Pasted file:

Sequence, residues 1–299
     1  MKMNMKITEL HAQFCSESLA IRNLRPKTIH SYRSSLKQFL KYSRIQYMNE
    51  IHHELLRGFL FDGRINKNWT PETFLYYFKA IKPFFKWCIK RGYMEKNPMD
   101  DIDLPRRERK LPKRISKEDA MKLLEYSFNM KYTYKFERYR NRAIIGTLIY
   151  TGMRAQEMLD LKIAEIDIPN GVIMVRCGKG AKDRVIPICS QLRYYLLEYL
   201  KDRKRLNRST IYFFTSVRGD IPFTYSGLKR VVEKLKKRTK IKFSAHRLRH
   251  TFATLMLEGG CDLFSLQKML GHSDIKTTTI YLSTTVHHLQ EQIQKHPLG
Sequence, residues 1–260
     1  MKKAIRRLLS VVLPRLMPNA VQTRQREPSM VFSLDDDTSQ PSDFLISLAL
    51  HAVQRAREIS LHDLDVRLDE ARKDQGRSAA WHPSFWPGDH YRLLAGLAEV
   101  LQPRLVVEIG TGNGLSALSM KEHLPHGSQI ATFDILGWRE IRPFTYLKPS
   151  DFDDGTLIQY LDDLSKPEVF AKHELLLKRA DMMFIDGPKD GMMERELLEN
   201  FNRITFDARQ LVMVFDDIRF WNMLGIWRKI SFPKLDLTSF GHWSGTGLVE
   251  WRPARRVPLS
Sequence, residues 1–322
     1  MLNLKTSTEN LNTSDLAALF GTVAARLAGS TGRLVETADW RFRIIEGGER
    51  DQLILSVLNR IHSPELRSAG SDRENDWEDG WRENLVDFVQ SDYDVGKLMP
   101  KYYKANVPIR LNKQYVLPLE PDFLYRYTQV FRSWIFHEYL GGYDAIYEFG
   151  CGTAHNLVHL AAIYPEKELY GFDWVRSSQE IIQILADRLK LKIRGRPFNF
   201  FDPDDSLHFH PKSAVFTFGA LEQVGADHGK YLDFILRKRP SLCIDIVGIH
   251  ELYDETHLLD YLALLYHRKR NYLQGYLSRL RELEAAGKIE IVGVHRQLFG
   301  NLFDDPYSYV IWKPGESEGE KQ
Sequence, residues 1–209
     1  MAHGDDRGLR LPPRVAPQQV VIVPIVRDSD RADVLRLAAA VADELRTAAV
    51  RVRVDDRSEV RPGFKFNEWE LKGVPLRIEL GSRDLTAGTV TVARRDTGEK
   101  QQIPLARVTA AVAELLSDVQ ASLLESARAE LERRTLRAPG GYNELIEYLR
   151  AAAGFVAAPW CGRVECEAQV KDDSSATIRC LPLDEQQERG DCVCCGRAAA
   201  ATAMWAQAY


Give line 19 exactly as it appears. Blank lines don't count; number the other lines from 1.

   151  CGTAHNLVHL AAIYPEKELY GFDWVRSSQE IIQILADRLK LKIRGRPFNF